Charlotte Radford
Anna Xu
Chris Kavanagh


Vanadium prices continued to rally last week in China, Europe and the US, recovering some of their recent losses, while upstream tightness took its toll on the market.

  • European prices rise while traders restock in tight market 
  • Upstream tightness, rising scrap prices drive prices higher in China 
  • US ferro-vanadium rebounds while demand recovers 
In Europe last week, there were no signs of year-end destocking or seasonal price weakness amid buoyant demand, limited stocks and rallying prices in Asia. 

Metal Bulletin assessed ferro-vanadium prices at $37-40 per kg, delivered duty-paid in Europe, on Friday November 10, up 6.2% from the midweek assessment of $35.40-37.10 per kg. 

“We don’t have a huge quantity [of ferro-vanadium] left before the year-end so we’re comfortable not selling unless we can achieve much higher prices,” a producer source said. 

“If you roll your offer it’s accepted immediately,” the producer added. 

Others are watchful of their inventories while the end of the year approaches, mindful that they may require some material to allocate to deliveries under long-term agreements. 

European ferro-vanadium prices are up 13.2% since the start of the month, with the rally taking some market participants by surprise after six consecutive weeks of falling prices. 

European consumers have been forced to buy during the rally over the past two weeks, after previously waiting for prices to weaken further. 

Demand from traders, however, has also helped to push prices higher, both with European buyers restocking and others shipping the material to Asia where prices are higher and demand is greater. 

China continues to strengthen 
The Chinese vanadium market has tightened considerably, particularly upstream, following a large 700-tonne sale of vanadium pentoxide two weeks ago. 

Most exporters are no longer quoting to overseas buyers, especially since the Chinese market is leading the rest of the world higher and more appealing prices can be achieved domestically. 

Metal Bulletin assessed fob China V2O5 prices at $8.40-9.00 per lb on Thursday November 9, a jump up of 23.4% from a week ago. 

The increase has been underpinned by low spot supplies following the recent 700-tonne sale, and the rising cost of vanadium scrap. 

“Prices were falling, and after the large sale a few weeks ago, people were thinking, ‘enough is enough,’” a trader source said. 

“We have stopped offering in the export market because the domestic V2O5 market is active; prices rose and more enquiries came in,” a Chinese producer added. 

In the domestic market, offers for V2O5 increased to 130,000-140,000 yuan ($19,576-21,082) per tonne in China last week from 115,000-120,000 yuan a week earlier, with deals closing across the range, sources reported.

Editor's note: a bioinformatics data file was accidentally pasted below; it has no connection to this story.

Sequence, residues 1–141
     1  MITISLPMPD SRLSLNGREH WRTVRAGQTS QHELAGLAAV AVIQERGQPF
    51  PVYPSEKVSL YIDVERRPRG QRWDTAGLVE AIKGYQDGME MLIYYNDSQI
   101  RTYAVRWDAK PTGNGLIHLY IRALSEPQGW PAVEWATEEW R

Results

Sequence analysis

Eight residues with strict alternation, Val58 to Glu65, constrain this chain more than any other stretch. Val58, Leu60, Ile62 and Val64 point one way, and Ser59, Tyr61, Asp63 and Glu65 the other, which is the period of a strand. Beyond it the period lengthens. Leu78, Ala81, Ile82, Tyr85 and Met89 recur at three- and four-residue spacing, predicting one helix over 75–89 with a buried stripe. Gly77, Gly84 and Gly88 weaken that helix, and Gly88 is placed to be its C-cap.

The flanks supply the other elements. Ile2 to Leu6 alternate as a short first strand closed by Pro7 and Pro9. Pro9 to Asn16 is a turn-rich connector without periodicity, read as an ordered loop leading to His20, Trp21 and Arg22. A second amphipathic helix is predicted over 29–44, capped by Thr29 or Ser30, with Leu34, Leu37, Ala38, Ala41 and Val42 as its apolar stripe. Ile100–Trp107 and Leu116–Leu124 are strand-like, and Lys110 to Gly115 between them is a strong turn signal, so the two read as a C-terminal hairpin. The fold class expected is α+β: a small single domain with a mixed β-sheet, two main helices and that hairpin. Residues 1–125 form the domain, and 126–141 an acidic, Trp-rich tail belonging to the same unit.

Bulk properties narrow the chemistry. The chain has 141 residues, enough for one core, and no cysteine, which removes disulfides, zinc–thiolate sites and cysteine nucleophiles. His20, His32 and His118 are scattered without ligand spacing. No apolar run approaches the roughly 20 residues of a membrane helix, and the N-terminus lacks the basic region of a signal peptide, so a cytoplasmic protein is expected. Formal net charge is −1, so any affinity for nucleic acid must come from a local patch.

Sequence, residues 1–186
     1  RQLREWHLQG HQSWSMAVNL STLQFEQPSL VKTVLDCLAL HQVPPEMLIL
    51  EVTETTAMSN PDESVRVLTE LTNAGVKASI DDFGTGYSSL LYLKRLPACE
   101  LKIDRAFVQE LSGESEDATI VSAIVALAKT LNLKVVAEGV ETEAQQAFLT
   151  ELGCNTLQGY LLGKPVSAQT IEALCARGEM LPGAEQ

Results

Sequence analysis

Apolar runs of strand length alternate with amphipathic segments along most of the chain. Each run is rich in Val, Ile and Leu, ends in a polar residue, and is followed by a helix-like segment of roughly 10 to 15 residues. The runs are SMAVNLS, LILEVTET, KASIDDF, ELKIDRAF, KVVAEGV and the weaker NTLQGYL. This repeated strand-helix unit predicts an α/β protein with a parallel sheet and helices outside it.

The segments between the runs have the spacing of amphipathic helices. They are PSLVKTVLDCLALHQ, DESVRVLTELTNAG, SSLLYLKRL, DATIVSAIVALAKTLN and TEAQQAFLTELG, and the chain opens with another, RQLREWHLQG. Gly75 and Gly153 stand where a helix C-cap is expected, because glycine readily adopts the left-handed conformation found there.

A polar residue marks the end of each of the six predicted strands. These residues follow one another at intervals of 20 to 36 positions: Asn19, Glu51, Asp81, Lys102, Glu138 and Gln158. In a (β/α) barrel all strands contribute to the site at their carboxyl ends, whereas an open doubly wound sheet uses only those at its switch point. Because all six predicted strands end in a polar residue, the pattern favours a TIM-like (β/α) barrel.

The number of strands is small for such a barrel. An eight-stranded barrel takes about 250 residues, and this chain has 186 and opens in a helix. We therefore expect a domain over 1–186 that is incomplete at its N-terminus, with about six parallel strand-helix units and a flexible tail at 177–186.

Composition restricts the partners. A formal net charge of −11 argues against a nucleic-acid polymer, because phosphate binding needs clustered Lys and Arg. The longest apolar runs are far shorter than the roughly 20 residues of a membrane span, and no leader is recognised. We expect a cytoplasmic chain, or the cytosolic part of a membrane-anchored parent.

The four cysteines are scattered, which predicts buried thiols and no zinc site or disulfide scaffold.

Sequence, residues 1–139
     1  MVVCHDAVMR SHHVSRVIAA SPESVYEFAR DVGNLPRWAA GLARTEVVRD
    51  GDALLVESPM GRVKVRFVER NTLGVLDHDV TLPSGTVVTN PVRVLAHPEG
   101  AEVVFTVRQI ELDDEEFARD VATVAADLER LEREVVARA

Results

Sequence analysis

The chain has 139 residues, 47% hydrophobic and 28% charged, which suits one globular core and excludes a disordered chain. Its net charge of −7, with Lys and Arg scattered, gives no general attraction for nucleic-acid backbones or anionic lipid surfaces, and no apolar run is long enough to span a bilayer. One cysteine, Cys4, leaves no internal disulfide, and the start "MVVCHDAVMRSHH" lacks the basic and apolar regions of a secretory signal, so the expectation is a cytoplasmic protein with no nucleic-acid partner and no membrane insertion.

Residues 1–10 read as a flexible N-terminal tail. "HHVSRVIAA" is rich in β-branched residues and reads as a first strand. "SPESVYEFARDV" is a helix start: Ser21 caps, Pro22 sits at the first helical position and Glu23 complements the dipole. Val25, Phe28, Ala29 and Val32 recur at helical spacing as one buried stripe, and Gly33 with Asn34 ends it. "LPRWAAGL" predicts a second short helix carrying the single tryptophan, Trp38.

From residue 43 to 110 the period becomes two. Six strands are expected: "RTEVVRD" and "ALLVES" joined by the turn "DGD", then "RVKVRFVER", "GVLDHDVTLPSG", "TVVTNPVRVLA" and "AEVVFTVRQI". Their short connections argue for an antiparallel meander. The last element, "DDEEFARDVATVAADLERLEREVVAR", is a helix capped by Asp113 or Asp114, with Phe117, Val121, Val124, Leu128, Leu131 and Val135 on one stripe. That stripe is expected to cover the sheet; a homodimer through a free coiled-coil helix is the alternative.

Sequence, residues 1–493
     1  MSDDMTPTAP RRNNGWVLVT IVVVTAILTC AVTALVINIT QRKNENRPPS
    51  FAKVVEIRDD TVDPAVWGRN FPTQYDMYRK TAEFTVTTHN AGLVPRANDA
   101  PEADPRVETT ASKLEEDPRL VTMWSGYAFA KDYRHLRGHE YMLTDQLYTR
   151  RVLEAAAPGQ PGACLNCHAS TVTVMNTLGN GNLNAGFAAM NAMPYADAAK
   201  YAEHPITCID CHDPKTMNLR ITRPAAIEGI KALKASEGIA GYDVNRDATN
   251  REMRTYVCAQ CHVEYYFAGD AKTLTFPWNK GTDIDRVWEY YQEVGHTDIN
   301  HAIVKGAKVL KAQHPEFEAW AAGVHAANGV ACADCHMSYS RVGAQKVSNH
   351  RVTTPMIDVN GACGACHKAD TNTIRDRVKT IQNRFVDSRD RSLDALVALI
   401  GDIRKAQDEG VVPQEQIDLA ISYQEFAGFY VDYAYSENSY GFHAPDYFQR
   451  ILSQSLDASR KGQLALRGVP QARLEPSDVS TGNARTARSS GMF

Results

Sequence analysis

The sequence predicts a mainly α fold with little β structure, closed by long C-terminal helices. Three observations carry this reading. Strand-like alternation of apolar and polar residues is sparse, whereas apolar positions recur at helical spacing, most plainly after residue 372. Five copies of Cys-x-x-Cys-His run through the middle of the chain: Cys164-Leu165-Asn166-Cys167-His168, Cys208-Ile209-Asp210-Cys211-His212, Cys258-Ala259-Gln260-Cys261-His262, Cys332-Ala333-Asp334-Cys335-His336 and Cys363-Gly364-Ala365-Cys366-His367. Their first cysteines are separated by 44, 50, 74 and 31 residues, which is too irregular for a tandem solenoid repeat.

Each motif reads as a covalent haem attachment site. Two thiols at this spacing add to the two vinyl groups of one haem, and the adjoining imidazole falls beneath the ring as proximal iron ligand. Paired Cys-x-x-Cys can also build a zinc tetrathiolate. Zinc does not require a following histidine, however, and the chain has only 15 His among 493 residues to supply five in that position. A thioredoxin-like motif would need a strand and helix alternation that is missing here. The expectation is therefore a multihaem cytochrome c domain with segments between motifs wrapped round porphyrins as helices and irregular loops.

“An increase of nearly 25% is not to be scoffed at; the international market has to respond,” the trader source said. 

Metal Bulletin’s assessment for spot ferro-vanadium prices stood at $38-42 per kg, fob China, on November 9, up 15.9% week on week after raw material costs increased. 

“I am offering $38 for firm inquiries, but know that the price should be $40-42 based on domestic prices. The price in the international market has not updated as quickly as in China, so it is difficult to conclude deals at parity,” a large ferro-vanadium exporter said. 

In Europe, however, the pace of the increase has prompted some to hold back from participating in the rally, in fear that prices could prove unsustainable if not matched with consumer buying in the coming weeks. 

“The fear is that prices have pushed up so much…it could be speculative at this point so there’s good reason to wait,” a second trader said. 

V2O5 prices also jumped in Europe last week, albeit lagging behind the increase seen in the Chinese export market and European ferro-vanadium price. 

Metal Bulletin assessed V2O5 prices at $6.80-7.50 per lb, in-warehouse Rotterdam, on Friday November 10, a 7.5% increase from $6.30-7 per lb previously. 

Material was sold at the top of the range, while pentoxide varying from Metal Bulletin’s chemical specification traded at a lower level.

Higher prices in 2017 have made it viable for vanadium producers from less well-known sources to bring their material into their market. 

“When you get to the higher price brackets it gets economical for less conventional sources to sell,” a third trader said. 

The material lacks the familiarity of traditional sources, however, meaning it can be picked up at a discount to other material, sources said. 
US ferro-vanadium rebounds 
Following price gains overseas, the US ferro-vanadium market staged a considerable rebound last week. 

US spot prices for ferro-vanadium narrowed to $17.8-18.5 per lb on November 9, up 9.67% from $16.10-17 per lb previously, according to sister title American Metal Market’s latest assessment. 

The precipitous rise came after six consecutive weekly price declines, which saw prices down 23.5% from a peak of $21.25-22 per lb on September 21. 

As in Europe, the sizeable price run has sparked notable interest in the US spot market, particularly among traders who had run inventories dry when prices slumped. 

“People are gobbling up material right now. We’ve seen more inquiries this past week than we had in the previous three,” a supplier source said. 

“We’ve had several traders coming to us for material this week, because it seems they are trying to buy back in after running themselves out of inventory,” a second supplier source said. 

With available stocks thinning out, prices have been able to pick up momentum quickly, rising with each passing transaction. 

Market participants suspect prices will continue to run up heading into next week, with some offers already rising above $19 per lb by the week’s end.

vanadium prices wrap table

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